Why is sustainable palm oil different?
Along with a very many other conservation organisations, our view is that promoting sustainably grown palm oil is the most effective way for people to help. Palm oil itself isn’t the problem – it’s actually a very versatile, efficient, and high yielding crop that provides a livelihood for millions of people in tropical countries. It requires far less space than other similar oil crops which means that if palm oil were banned, you would need to use far more space to grow the next best alternative. The problem arises from how it is grown, and it’s this issue that sustainable palm oil is trying to address.
Unsustainable palm oil is grown on land that has been newly deforested, and it is this loss of tropical forest habitat that is having such a devastating effect on many species (such as our Bornean orang utans). Sustainable palm oil is generally grown by reusing already deforested land, rather than clearing new areas. The main organisation that accredits sustainable palm oil is called the Roundtable on Sustainable Palm Oil (RSPO) – you might see their logo on some supermarket products. Although there are still some issues to resolve with accreditation, we believe that supporting the RSPO and pushing for greater sustainability will have much more impact than simply saying ‘no’ to palm oil. In fact, by boycotting palm oil you could actually create less demand for sustainable land use!
Why not just ban palm oil?
Many manufacturers and many UK supermarkets are already well advanced in increasing the amount of sustainable palm oil in their products. At the present time, these are not always labelled as such on the packets so it can be difficult to know what to buy and from where. Palm oil is in over 50% of the products you see for sale in supermarkets (including many non-food items) so removing it from the weekly shop is fraught with difficulties. Manufacturers will respond to consumer demand however, so the more interest there is in sustainable palm oil, the more likely they are to use it and label it. As we said at the beginning, using the next best oil won’t solve the problem, it will just move it to another area, and other species. Sustainable production means that we can continue to use palm oil, support developing economies, and minimise any further loss of wildlife and wild places.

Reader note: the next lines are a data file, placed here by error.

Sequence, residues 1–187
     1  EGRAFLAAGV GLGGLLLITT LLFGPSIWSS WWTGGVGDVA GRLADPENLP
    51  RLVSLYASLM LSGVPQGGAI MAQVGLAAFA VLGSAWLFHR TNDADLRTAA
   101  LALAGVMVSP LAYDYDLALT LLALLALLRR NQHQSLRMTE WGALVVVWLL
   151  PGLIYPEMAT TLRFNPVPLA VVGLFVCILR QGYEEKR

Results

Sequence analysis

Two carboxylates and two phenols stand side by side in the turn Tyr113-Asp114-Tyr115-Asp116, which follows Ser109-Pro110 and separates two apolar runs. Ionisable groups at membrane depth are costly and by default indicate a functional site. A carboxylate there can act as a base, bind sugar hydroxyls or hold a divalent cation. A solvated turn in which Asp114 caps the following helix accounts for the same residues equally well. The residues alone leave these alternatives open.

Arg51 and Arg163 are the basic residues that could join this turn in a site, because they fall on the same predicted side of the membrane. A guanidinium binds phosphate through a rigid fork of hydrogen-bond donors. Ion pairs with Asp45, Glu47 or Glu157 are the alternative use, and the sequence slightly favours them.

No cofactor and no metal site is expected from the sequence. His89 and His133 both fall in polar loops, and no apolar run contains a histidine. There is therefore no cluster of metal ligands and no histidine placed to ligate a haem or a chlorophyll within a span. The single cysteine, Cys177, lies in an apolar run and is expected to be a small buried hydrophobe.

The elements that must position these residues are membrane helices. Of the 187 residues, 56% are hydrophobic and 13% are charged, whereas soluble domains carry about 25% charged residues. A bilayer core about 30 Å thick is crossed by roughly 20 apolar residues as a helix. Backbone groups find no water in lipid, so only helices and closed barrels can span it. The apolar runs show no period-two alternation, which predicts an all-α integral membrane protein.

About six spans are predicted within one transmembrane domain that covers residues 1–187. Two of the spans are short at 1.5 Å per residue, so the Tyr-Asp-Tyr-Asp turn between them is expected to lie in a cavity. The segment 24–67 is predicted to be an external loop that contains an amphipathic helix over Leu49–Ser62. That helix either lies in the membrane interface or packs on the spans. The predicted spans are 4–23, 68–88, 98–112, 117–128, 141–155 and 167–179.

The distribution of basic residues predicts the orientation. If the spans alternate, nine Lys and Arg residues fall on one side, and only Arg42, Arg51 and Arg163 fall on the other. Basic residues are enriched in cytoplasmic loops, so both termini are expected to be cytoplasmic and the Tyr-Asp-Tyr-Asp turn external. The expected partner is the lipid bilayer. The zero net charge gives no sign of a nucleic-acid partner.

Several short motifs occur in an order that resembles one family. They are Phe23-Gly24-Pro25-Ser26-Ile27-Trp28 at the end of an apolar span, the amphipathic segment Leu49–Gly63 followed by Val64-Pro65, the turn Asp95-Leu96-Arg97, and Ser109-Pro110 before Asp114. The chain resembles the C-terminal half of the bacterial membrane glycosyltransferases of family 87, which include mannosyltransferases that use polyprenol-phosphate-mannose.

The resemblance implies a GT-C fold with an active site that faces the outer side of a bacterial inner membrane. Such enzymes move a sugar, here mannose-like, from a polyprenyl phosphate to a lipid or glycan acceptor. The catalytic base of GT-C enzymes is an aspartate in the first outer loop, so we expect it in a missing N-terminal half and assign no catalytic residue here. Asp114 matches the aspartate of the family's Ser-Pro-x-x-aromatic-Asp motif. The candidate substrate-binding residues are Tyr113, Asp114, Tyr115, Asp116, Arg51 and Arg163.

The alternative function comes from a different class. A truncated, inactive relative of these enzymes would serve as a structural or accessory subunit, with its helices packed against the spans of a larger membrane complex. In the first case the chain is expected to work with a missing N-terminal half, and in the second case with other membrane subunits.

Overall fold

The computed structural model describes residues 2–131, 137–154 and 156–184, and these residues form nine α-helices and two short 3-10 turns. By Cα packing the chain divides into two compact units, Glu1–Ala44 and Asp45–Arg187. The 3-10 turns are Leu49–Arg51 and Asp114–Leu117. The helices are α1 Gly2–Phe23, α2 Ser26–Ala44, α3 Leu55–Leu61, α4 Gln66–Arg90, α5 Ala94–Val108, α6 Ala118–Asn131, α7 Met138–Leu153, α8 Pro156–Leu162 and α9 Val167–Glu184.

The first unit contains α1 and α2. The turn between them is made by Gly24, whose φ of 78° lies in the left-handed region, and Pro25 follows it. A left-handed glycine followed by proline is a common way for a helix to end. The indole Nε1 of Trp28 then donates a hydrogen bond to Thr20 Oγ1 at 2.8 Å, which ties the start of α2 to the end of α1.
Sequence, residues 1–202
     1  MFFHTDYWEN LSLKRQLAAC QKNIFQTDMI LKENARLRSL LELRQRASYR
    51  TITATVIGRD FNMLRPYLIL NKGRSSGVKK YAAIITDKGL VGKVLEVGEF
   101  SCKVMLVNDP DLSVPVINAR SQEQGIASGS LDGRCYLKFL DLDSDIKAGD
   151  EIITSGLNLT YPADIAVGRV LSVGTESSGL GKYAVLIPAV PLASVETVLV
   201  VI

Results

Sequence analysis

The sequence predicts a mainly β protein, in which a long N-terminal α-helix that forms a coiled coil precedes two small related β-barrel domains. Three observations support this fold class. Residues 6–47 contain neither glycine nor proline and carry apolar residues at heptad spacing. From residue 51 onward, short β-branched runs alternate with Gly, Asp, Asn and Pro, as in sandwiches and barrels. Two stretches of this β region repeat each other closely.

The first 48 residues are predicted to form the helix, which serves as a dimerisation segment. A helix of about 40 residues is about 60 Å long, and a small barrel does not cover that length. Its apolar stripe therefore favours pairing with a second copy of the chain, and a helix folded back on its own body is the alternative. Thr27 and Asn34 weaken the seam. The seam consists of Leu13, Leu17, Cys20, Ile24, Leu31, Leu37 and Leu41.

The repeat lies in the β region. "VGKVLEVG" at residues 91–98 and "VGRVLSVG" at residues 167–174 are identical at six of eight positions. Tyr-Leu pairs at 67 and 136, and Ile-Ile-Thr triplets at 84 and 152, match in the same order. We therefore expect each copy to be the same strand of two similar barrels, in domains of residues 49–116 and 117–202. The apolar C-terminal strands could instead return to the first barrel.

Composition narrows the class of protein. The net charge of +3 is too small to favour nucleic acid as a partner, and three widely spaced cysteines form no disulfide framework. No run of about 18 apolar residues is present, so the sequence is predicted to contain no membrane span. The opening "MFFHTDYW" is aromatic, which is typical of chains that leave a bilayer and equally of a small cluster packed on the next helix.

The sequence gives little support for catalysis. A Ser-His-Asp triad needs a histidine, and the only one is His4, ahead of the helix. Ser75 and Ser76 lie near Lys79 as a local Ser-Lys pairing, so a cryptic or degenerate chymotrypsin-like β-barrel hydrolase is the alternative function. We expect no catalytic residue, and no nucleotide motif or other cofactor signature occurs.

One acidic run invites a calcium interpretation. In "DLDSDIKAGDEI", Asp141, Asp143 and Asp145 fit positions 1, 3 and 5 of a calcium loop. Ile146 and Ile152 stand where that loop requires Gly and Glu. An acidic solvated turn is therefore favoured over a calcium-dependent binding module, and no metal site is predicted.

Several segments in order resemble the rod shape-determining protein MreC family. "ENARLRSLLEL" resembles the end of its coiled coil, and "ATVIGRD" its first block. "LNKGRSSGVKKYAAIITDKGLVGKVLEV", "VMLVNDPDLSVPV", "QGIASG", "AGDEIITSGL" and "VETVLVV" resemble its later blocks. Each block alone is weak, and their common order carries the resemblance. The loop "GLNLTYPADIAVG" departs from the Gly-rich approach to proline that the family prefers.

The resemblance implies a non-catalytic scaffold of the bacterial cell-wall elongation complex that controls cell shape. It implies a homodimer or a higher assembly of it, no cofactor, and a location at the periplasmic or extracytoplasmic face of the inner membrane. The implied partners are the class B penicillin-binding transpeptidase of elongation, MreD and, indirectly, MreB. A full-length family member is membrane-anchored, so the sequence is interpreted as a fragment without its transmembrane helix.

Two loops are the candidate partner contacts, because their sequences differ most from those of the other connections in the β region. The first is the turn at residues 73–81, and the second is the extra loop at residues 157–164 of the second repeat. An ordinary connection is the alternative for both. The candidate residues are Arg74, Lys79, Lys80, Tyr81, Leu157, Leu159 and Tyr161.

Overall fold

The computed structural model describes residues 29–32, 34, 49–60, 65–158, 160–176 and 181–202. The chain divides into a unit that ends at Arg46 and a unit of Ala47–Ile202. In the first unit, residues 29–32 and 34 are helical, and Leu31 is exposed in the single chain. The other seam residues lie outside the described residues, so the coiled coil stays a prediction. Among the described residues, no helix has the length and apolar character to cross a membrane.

What are we doing?
From ice cream to doughnuts, we only sell food that is made using sustainable palm oil. By engaging with our guests, we also aim to help people make sense of a complex, and often emotional, issue, to ensure they can make informed choices that help achieve change.
What can you do?
• Support supermarkets and manufacturers that use sustainable palm oil. Email them about the issue and ask them to consider clear labelling that identifies where sustainable palm oil has been used.
• Encourage supermarkets and manufacturers to go one step further with sustainable palm oil. Sources can be accredited in different ways – the best ones are identity preserved or segregated sources. This means that the palm oil in the product can be traced all the way back to a certified source and will not have come into contact with unsustainable palm oil along the way. Many companies still use what is called ‘mass balance’ oil, where sustainable and unsustainable sources are mixed but are, on balance, more sustainable than not. This is a step in the right direction but we should encourage suppliers that they need to do more!
• If your favourite supermarket or product contains palm oil that is not sustainable, email them to ask why not! Remember, it’s not just food – many cleaning products and cosmetics also contain the oil.
• Adopt an animal of one of our zoos! Palm oil production affects many rare species; adopting an animal helps to support our efforts to conserve them for the future. Orang utans, tigers, and otters are all species you can adopt whose wild relatives are threatened by palm oil production.
You can find out what your local supermarkets and brands are doing to become more sustainable by downloading the WWF Palm Oil Scorecard here.
Find out more about palm oil from the International Union for the Conservation of Nature (IUCN) here.